But later, I would recognize how that incident had taken something large from him, how it had changed him: into someone else, or maybe into someone he had once been. I would see the months before Caleb as a period in which he was healthier than he’d been: he had allowed me to hug him when I saw him, and when I touched him—putting an arm around him as I passed him in the kitchen—he would let me; his hand would go on chopping the carrots before him in the same steady rhythm. It had taken twenty years for that to happen. But after Caleb, he regressed. At Thanksgiving, I had gone toward him to embrace him, but he had quickly stepped to the left—just a bit, just enough so that my arms closed around air, and there had been a second in which we looked at each other, and I knew that whatever I had been allowed just a few months ago I would be no longer: I knew I would have to start all over. I knew that he had decided that Caleb was right, that he was disgusting, that he had, somehow, deserved what had happened to him. And that was the worst thing, the most reprehensible thing. He had decided to believe Caleb, to believe him over us, because Caleb confirmed what he had always thought and always been taught, and it is always easier to believe what you think than to try to change your mind. (368, 369)
Luke’s legacies were in everything he did, in everything he was: his love of reading, of music, of math, of gardening, of languages—those were Luke. His cutting, his hatred, his shame, his fears, his diseases, his inability to have a normal sex life, to be a normal person—those were Luke, too. Luke had taught him how to find pleasure in life, and he had removed pleasure absolutely. (423)
Always, he wonders why and how he has let four months—months increasingly distant from him—so affect him, so alter his life. But then, he might as well ask—as he often does—why he has let the first fifteen years of his life so dictate the past twenty-eight. He has been lucky beyond measure; he has an adulthood that people dream about: Why, then, does he insist on revisiting and replaying events that happened so long ago? Why can he not simply take pleasure in his present? Why must he honor his past? Why does it become more vivid, not less, the further he moves from it? (462)
It saddened him, of course, that his sex life and his home life should have to be two distinct realms, but he was old enough now to know that within every relationship was something unfulfilled and disappointing, something that had to be sought elsewhere. (566)
He steps back, still looking. In the painting, Willem’s torso is directed toward the viewer, but his face is turned to the right so that he is almost in profile, and he is leaning toward something or someone and smiling. And because he knows Willem’s smiles, he knows Willem has been captured looking at something he loves, he knows Willem in that instant was happy. Willem’s face and neck dominate the canvas, and although the background is suggested rather than shown, he knows that Willem is at their table; he knows it from the way JB has drawn the light and shadows on Willem’s face. He has the sense that if he says Willem’s name, the face in the painting will turn toward him and answer; he has the sense that if he stretches his hand out and strokes the canvas, he will feel beneath his fingertips Willem’s hair, his fringe of eyelashes.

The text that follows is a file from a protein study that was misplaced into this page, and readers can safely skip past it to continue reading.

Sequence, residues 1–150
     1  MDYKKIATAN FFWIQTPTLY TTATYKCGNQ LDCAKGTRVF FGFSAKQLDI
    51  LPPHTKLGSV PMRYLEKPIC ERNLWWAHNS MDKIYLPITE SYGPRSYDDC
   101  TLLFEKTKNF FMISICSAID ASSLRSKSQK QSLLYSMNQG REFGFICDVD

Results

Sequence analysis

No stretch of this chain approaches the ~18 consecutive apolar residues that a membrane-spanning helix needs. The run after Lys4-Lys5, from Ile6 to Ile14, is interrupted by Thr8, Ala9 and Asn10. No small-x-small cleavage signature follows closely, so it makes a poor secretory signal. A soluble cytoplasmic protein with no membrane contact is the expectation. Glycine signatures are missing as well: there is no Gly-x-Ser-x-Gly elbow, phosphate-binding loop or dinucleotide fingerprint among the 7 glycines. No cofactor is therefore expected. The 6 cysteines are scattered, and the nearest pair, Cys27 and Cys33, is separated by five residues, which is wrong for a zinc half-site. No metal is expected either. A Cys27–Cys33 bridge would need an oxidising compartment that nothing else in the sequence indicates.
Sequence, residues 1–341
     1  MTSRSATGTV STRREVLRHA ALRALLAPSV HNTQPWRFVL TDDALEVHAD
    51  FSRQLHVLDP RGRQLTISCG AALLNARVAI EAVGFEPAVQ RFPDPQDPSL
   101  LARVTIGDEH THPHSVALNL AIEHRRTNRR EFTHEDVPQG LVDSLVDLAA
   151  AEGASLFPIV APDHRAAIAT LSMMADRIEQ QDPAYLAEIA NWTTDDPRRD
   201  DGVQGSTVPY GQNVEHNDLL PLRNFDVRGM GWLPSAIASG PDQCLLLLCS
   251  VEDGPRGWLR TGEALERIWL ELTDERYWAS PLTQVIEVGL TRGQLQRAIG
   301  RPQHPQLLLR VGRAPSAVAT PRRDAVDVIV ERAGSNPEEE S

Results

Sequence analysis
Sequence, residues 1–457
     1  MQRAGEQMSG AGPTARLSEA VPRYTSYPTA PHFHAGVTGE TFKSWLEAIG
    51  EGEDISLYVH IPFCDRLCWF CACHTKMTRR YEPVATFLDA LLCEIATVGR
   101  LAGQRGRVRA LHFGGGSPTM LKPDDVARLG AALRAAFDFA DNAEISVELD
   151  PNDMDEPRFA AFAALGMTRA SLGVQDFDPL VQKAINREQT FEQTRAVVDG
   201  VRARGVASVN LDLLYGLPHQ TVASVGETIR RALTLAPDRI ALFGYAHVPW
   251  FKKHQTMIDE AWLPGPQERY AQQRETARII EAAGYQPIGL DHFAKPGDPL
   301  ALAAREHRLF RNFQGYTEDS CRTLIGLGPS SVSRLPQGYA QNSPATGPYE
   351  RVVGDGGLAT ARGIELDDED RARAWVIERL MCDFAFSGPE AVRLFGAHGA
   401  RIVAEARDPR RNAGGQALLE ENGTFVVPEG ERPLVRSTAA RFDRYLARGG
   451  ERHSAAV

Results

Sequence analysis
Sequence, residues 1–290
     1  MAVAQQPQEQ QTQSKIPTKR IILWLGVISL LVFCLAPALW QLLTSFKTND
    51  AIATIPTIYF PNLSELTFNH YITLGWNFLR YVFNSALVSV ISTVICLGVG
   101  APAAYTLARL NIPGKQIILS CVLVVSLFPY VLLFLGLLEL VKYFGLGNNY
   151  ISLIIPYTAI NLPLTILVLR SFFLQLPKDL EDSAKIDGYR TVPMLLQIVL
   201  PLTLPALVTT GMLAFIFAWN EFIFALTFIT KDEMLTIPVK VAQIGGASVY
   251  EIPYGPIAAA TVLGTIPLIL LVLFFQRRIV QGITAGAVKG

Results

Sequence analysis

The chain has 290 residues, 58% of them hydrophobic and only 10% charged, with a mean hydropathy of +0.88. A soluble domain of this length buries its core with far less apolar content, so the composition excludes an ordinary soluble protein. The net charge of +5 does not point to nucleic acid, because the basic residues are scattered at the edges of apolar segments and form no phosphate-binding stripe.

But he doesn’t do this, of course, just looks up at last and sees JB smiling at him, sadly. “The title’s card’s been mounted already,” JB says, and he goes slowly to the wall behind the painting and sees its title—Willem Listening to Jude Tell a Story, Greene Street—and he feels his breath abandon him; it feels as if his heart is made of something oozing and cold, like ground meat, and it is being squeezed inside a fist so that chunks of it are falling, plopping to the ground near his feet. (679)
And it wasn’t until a few weeks after that I was able to open the letter he had left us on his table. I hadn’t been able to bear it earlier; I wasn’t sure I would be able to bear it now. But I did. It was eight pages long, and typed, and it was a confession: of brother Luke, and Dr. Traylor, and what had happened to him. It took us several days to read, because although it was brief, it was also endless, and we had to keep putting the pages down and walking away from them, and then bracing each other —Ready?—and sitting down and reading some more.
“I’m sorry,” he wrote. “Please forgive me. I never meant to deceive you.” (719)